*I apologize for getting this out so late, dear Reader. The following is an excerpt from my sermon Sunday.
Reread Luke 10:25-37
If one would truly seek after the fullness of life with God it will take sacrifice… Jesus’ teaching reminds us it will take all you got, your full self. It will take ALL your mind, all your soul, all your strength… it will take the outworking of God’s love that connects with one’s neighbor, that prioritizes others at least as much as one’s self. That Jesus tells us. This is how to find our true life, our true selves…
This passage puts one of the primary ethical teachings of Jesus about loving God and your neighbor into the mouth of one of Jesus’ testers, and one thing this really illustrates is that even when we know of the connection between how we treat our neighbor and how we treat God in our heads, the short journey that truth faces between our heads and our hearts and out to our “hands” can be quite daunting. If we are honest I think we all know we fall short, that we often desire to an integrity that goes beyond were we are with how what we believe and what we live are connected.
A few devotions back put up a video by a guy named Daniel Goleman. He asks the question, “Why aren’t we all good Samaritans?” One interesting experiment he did was get seminarians from one of his preaching classes to prepare a sermon on this text in one place, and make them walk a short distance to deliver it. Along the way he had it set up that they would encounter a man pretending to be in need of help. He wanted to see if someone who had been thinking and reflecting on this story, internalizing it even in preparing to preach about it, would act differently than most people. He was largely disappointed. Most people in his class would pass buy just like the people in the story… he would ask them questions later to try to understand this phenomenon and what he found was that the real deciding factor of whether or not they would stop to help had to do with how much of a hurry they thought they were in on their walk.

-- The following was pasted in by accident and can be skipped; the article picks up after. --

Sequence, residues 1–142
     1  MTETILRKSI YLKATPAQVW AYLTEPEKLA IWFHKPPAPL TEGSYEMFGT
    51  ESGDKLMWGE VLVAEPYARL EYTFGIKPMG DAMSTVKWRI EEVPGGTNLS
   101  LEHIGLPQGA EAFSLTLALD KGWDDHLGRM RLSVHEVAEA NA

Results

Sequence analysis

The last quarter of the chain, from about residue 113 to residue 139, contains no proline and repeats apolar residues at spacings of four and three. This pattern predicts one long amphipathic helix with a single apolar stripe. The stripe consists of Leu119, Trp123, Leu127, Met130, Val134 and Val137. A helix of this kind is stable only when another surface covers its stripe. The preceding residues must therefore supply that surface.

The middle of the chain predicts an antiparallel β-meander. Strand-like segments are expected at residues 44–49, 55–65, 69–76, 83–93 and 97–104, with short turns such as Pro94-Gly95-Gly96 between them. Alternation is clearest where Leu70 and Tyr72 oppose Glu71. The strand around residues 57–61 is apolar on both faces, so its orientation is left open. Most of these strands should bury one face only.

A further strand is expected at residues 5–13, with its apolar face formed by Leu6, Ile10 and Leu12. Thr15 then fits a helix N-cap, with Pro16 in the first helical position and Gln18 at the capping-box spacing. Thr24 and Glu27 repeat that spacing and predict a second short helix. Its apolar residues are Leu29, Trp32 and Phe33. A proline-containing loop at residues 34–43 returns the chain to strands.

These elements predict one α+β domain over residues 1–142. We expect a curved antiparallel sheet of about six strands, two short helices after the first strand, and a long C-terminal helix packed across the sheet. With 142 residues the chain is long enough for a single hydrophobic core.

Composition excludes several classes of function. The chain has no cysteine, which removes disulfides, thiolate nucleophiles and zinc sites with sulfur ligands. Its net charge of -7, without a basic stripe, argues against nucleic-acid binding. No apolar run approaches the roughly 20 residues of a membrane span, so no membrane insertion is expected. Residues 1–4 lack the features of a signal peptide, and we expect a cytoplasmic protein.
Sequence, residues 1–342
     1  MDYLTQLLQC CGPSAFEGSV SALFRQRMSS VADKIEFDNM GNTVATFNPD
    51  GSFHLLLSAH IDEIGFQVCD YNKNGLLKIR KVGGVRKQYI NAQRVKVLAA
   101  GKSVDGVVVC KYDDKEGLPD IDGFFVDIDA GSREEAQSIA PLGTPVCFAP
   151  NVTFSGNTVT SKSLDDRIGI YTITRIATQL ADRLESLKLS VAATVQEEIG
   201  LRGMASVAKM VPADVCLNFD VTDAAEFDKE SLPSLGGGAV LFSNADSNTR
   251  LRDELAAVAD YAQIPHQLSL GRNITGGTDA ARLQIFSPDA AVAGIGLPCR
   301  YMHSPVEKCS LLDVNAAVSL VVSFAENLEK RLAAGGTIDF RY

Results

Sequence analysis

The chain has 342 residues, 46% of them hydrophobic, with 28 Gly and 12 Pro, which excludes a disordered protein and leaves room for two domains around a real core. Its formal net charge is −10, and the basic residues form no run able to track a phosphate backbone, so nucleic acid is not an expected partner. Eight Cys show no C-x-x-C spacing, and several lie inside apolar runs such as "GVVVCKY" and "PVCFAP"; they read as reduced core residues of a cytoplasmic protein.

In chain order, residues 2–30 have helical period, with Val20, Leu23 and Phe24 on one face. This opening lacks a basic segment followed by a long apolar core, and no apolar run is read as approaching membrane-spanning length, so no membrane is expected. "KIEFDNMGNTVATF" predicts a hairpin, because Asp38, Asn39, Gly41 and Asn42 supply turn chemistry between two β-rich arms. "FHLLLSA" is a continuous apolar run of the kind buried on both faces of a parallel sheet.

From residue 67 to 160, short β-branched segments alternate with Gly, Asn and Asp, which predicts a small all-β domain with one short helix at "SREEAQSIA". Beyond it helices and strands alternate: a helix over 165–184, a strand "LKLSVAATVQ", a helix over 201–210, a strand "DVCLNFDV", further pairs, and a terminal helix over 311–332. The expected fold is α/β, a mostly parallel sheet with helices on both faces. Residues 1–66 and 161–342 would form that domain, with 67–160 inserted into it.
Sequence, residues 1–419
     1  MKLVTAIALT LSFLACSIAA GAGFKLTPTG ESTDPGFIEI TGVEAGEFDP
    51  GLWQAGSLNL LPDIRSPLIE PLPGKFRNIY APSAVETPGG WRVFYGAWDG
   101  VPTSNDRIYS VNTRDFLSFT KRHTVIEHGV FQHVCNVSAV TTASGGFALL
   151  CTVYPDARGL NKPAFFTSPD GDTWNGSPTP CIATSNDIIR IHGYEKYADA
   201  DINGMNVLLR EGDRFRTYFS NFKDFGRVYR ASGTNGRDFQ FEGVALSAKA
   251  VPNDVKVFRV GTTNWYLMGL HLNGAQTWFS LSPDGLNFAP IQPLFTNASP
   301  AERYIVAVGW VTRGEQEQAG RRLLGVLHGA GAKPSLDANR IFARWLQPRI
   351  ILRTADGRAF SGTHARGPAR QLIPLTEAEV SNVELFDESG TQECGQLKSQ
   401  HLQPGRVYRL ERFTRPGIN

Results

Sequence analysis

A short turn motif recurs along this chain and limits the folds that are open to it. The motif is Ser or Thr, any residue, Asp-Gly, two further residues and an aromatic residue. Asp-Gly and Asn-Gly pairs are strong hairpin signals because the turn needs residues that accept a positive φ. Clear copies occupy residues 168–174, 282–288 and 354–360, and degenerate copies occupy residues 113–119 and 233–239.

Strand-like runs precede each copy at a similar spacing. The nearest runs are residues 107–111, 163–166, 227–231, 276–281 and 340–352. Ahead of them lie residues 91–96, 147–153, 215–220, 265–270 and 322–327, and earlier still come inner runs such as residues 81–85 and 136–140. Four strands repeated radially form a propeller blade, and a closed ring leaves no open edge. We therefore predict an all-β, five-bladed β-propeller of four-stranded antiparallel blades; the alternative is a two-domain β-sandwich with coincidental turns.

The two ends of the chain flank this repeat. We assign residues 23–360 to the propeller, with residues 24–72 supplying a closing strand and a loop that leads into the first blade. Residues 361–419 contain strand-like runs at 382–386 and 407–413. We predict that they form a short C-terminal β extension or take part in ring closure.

Don’t think for one second that I–because I am a pastor–am ignorant of my own struggles to live this stuff out. That I am not conscious of this disconnect between how we want to be and how we actually are in practice, which–if we wake up to its reality–can often be the start of God giving us eyes to see God Himself in our neighbors and in our neighborhoods.
Becoming aware of this same disconnect of integrity in my life has really helped me to realign my actions to what–in my heart of hearts–I already knew to be God’s truth in this area. As Christians we can sometimes find ourselves wanting compassion more than exercising it; we may genuinely want to help homeless people for instance but if we are honest it turns out that we want our own comforts and predictable patterns more. We may see someone clearly in a roadside jam but think, “I need to just get to where I am headed.”
I am not trying to provide extra ammo for legalism here, just trying to acknowledge the reality that good intentions undefined hardly ever become tangible actions. If for instance I only “intended” to show love for my wife, but did not back up that intention with some concrete follow through, someone would be right to be suspicious of what was meant by the word “love.” Love is a verb, an action word after all.
If we are truly going to take seriously this understanding of a connection between one’s love for God and one’s love for neighbor, and truly want to see that at play in Jesus’ example of the Samaritans’ mercy, we must start by learning to see “God” in the man lying on the road. Quaker’s believe there is “that of God in everyone” and that is a good place to start making this God/neighbor, love/action connection. We need to learn to silence the voice within that seeks to justify, that only knows intellectually, but not experientially, the truth of loving one’s neighbor.